The present study also found that CCN1 activated LX-2 cells and affected their function. CCN1 promoted the viability and migration of LX-2 cells, induced the fiber differentiation of LX-2 cells and increased the expression of proliferation-correlated signaling molecules and angiogenesis molecules in LX-2-CCN1 cells. The animal experiments performed in the present study revealed that the expression of CCN1 was directly correlated with the progression of liver fibrosis in mice. On the basis of these findings, it was hypothesized that CCN1 can promote HSC fibrosis, which differs from the results reported by Kim et al (20). CCN1 may have complex effects through binding different integrins on the HSC membrane during liver inflammation-fibrosis-cirrhosis-cancer progression.

The activated LX-2 cells promoted the proliferation of HepG2 cells in vitro and in vivo, and CM from the LX-2-CCN1 cells stimulated the expression of cyclin D1, c-myc and survivin, and the activity of β-catenin signaling in HepG2 cells. These proteins are all factors promoting cell proliferation. β-catenin is a key molecule in the canonical Wnt signaling pathway. Aberrant activation of canonical Wnt/β-catenin signaling has been shown to contribute to the development of HCC (36,37). Cyclin D1 and c-myc are known tumor-associated signaling molecules (38,39). Survivin is an important inhibitor of apoptosis and is overexpressed in several types of tumor; it can promote the invasion, metastasis, growth and survival of malignant cells, and confer resistance to specific chemotherapeutic drugs (39,40). The present study also found that CM from LX-2-CCN1 cells promoted the migration and invasion of HepG2 cells, stimulated the expression of phosphorylated-ERK1/2 and MMP-9, and inhibited the expression of E-cadherin. Phosphorylated-ERK and MMP-9 are invasion-associated signaling molecules and are crucial in the progression of HCC (29,41). The findings indicated that the malignant phenotype of HepG2 cells was promoted by CM from LX-2-CCN1, which demonstrated that CCN1 enhanced the function of activated HSCs in promoting the progression of HCC.

Activated HSCs promote the progression of HCC in part through regulating the formation of the tumor microenvironment, including regulating ECM and angiogenesis (2830). In the present study, it was found that CCN1 enhanced this function. Histological analysis of the subcutaneous tumors revealed that the tissue structure was more complex in the HepG2 + LX-2-CCN1 cell group, compared with that in the other groups. The hyperplasia in multinuclear tumor cells, fibrous connective tissue and infiltration of inflammatory cells were more marked in the HepG2 + LX-2-CCN1 cell group. In addition, increased numbers of collagenous fibers and microvessels were found in the subcutaneous tumors of the HepG2 + LX-2-CCN1 cell group. This indicated that CCN1 has an effect on activated HSC-regulated tumor microenvironment formation, which is conducive to the progression of HCC. These findings indicated that CCN1 was involved in the progression of the hepatic cirrhosis-HCC axis through regulating HSCs.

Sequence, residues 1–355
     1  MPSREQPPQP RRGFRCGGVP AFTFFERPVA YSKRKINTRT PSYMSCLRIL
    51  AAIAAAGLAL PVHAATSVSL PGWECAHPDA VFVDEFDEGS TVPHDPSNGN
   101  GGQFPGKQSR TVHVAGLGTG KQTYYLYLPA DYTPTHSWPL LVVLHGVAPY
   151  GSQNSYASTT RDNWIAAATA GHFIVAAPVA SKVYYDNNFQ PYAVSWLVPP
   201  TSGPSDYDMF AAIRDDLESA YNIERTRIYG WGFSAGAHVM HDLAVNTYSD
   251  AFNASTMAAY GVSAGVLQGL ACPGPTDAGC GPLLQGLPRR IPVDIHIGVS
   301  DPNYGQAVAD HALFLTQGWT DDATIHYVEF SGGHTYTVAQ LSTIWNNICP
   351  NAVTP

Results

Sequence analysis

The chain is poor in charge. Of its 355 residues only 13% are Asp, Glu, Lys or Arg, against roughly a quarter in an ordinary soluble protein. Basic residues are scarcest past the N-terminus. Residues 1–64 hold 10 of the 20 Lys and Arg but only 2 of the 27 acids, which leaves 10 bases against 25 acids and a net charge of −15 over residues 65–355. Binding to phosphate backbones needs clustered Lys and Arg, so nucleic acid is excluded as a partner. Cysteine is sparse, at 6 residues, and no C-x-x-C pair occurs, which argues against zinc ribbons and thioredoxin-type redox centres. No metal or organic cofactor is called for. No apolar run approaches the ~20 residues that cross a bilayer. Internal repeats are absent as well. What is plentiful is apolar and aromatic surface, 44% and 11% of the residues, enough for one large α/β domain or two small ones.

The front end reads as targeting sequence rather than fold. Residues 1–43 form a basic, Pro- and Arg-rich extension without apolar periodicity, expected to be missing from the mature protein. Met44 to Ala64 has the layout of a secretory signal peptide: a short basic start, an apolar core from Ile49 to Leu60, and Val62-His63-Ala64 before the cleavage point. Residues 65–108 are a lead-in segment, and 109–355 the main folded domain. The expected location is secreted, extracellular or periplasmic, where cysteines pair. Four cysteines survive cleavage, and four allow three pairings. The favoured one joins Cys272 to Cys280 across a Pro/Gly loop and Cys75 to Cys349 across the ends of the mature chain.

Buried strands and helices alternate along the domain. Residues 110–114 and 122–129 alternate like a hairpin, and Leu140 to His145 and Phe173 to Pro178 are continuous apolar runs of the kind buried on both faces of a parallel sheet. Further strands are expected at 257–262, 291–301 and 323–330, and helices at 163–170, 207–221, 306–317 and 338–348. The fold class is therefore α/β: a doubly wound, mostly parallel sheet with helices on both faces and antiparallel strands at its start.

In conclusion, the results of the present study indicated that CCN1/Cyr61 activated LX-2 cells and affected the cell function. CCN1 enhanced the function of HSCs in promoting the progression of HCC. Therefore, CCN1 may be important during the progression of the hepatic cirrhosis-HCC axis through regulating HSCs.

Acknowledgments

This study was supported by The National Natural Science Foundation of China (grant no. 30672393), the Southwest Hospital Routine Management Project of Science and Technology Innovation Program (grant no. SWH2016JCYB-13) and the Chengdu Military General Hospital Routine Management Project of Science (grant no. 2016KC04).

Glossary

Abbreviations

Abbreviations:

CCN1/Cyr61

cysteine-rich 61

HSCs

hepatic stellate cells

HCC

hepatocellular carcinoma

CM

conditioned medium

References

1 

Song P, Tang W, Tamura S, Hasegawa K, Sugawara Y, Dong J and Kokudo N: The management of hepatocellular carcinoma in Asia: A guideline combining quantitative and qualitative evaluation. Biosci Trends. 4:283–287. 2010.

2 

Chen W, Zheng R, Baade PD, Zhang S, Zeng H, Bray F, Jemal A, Yu XQ and He J: Cancer statistics in China, 2015. CA Cancer J Clin. 66:115–132. 2016. View Article : Google Scholar : PubMed/NCBI